The surveyor literally shaped the development of the early American city. Prior to the late 1700s, Albany's surveyors generally lacked formal training.

This important activity will be treated extensively in the future. Those who surveyed property within the city limits; externally on behalf of the city corporation; and those surveyors who may have lived in early Albany but surveyed real estate beyond Albany will be considered in this exposition. We plan to treat cartographers and other map artists separately. For now, here are some of early Albany's Surveyors:

Following the end of the colonial wars, the surveying function became more institutionalized. Albany mainstay John R. Bleecker may have been the first Albany native to produce survey maps - the most outstanding being a map of the Manor dated 1767.

The Revolutionary War brought a number of more able surveyors marking the beginning of the profession in the city. Simeon De Witt, the first New York State Surveyor-General, heads this list. The surveys and maps of Albany native John Randall, Jr. stood out during the nineteenth century.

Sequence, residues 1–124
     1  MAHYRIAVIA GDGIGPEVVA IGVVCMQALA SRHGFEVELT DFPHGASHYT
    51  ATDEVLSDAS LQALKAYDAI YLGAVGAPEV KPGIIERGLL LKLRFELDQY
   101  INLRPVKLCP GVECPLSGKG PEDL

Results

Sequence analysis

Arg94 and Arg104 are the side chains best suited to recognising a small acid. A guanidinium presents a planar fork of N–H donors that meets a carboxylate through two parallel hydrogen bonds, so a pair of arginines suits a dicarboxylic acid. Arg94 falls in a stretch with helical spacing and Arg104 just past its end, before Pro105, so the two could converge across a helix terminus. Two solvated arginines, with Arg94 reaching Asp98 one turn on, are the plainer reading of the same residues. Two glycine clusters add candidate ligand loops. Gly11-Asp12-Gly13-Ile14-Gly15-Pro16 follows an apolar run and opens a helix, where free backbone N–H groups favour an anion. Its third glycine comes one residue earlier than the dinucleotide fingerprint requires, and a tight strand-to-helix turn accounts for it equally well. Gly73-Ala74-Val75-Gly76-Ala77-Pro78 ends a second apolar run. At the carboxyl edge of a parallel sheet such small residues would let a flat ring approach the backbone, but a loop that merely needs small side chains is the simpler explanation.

Follow this link to more on surveyors and their work on this website.

Roster of the first City Surveyors:
Henry Bogert
John Bogert
Abraham Oakey - city engineer in 1800
Philip Hooker - city surveyor maybe 1819-32



need relevant and working definitions of the surveyor!

Sources online: For maps, the work of David Y. Allen is of great value!

Home | Site Index | Navigation | Email | New York State Museum

first conceived 5/31/12; paltry additions 3/14/15; last updated 1/30/19